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    Walt Disney is a variation on the above. He used his British profits to make live action movies such as "Robin Hood", "The Sword and the Rose" and "Rob Roy", using a British cast with no imported American star.

  10. #10
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    DAVID RAYNER:

    What I'd like to know is why British television can't show the original British versions. Why do they have to import the American versions to show? Surely, not all the British copies have been destroyed.
    That's a good question to be asked in Parliament of BFI.

  11. #11
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    That wouldn't happen today. The Walt Disney Co is quite a different business today.

  12. #12
    Senior Member Country: UK DB7's Avatar
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    As Dylan says the Eady Levy had been introduced so there would have been financial inducements to MGM-British for bringing Ford over.



    A bit of an implausible plot but there's some good nighttime photography from Freddie Young.



    Does anybody know where the railway siding was?

  13. #13
    Senior Member Country: England
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    Victor Maddern ran a succesful printing business in Norfolk ( I think ) and gave speech and diction lessons to Tory politicians. I still admire his early film work though.

    I am making enquires about the siding. Some say it was near Neasden in North London.

  14. #14
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    That's right Bob -



    He niched his market in two areas actually, both related to his trade. His printing company used, I believe, to specialise in printing scripts.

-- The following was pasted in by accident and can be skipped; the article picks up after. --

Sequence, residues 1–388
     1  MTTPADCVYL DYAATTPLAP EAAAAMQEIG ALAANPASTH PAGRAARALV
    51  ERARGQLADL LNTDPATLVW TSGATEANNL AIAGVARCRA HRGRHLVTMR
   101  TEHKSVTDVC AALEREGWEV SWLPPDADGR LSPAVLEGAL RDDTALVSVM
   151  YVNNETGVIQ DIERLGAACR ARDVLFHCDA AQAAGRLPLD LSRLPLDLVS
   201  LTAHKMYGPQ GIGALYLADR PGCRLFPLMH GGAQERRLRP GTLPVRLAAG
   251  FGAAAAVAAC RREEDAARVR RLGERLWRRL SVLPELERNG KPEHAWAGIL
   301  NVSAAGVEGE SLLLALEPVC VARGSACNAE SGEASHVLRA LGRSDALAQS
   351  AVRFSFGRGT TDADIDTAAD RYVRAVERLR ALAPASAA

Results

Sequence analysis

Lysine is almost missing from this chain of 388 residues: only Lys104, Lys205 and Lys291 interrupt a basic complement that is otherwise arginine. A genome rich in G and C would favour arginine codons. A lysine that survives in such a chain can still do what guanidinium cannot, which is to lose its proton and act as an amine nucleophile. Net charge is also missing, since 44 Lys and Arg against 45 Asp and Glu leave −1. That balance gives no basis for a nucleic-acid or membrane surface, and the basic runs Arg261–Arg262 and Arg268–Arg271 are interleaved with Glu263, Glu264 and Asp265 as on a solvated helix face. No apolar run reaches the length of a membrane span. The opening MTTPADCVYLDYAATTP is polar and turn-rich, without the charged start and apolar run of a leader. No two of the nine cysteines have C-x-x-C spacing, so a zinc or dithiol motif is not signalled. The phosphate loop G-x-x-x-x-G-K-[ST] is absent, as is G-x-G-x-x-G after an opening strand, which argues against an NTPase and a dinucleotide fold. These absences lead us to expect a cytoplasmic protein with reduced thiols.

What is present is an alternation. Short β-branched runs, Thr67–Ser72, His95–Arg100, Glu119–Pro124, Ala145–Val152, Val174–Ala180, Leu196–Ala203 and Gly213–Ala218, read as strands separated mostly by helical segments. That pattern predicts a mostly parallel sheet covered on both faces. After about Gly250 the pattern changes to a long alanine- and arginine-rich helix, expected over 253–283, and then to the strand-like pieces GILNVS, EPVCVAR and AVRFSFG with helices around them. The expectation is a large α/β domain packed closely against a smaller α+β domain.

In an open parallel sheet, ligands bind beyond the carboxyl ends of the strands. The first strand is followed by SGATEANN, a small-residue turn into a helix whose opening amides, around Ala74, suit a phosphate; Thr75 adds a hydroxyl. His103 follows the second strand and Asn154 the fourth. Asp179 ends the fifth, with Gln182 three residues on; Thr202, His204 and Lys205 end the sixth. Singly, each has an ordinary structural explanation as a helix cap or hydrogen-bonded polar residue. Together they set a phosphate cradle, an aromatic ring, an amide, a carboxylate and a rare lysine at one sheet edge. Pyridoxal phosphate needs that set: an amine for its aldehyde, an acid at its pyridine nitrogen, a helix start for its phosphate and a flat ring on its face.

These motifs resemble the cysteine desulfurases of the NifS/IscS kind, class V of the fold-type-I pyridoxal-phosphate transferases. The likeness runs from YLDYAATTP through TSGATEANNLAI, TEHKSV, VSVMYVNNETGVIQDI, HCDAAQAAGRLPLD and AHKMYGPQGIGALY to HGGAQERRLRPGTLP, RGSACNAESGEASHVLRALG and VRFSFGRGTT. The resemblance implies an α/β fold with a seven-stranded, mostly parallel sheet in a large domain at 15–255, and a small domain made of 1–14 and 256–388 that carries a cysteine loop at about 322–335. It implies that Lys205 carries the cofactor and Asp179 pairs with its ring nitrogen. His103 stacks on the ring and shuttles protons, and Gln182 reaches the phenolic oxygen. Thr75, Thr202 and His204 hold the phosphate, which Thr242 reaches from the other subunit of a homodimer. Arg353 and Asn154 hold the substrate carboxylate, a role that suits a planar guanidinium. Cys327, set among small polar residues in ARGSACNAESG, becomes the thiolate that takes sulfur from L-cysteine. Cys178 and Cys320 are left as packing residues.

His other angle was occasionally he'd buy 'job lots' of theatre scenery from closed productions and hire them to other companies. Good strings to have to your bow when 'resting'.



    Walter Gotell (character villian and occasional Russian in 007) was also a successful businessman as well as an actor - he ran a number of engineering firms. thumbs_u



    SMUDGE

  15. #15
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    smudge:

    That's right Bob -

    He niched his market in two areas actually, both related to his trade. His printing company used, I believe, to specialise in printing scripts.

    His other angle was occasionally he'd buy 'job lots' of theatre scenery from closed productions and hire them to other companies. Good strings to have to your bow when 'resting'.

    Walter Gotell (character villian and occasional Russian in 007) was also a successful businessman as well as an actor - he ran a number of engineering firms.

    SMUDGE
    He did indeed Smudge. Walter had an interest in an engineering firm in Leicester and made the employees' day by turning up at the factory and spent quite a long time with them.

    Is Victor still alive? I saw him in one film and he looked as if he had been very ill.

    Last edited by JamesM; 12-01-14 at 10:23 PM.

  16. #16
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    He died 22nd June 1993 of a brain tumer.

  17. #17
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    Hi all,

    If anyone's interested. the railway station in Terror on a train is Platform 1 at Portsmouth and Southsea station. Not much different today after 52 years!

    Best wishes

    Mike (MrT)

  18. #18
    Senior Member Country: England
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    Bob M.:

    Victor Maddern ran a succesful printing business in Norfolk ( I think ) and gave speech and diction lessons to Tory politicians. I still admire his early film work though.

    I am making enquires about the siding. Some say it was near Neasden in North London.
    The sidings in the film were in fact at Willesden, North London. The giveaway is the large camoflaged chimney of the railway generating station in the background, long since consigned to history itself.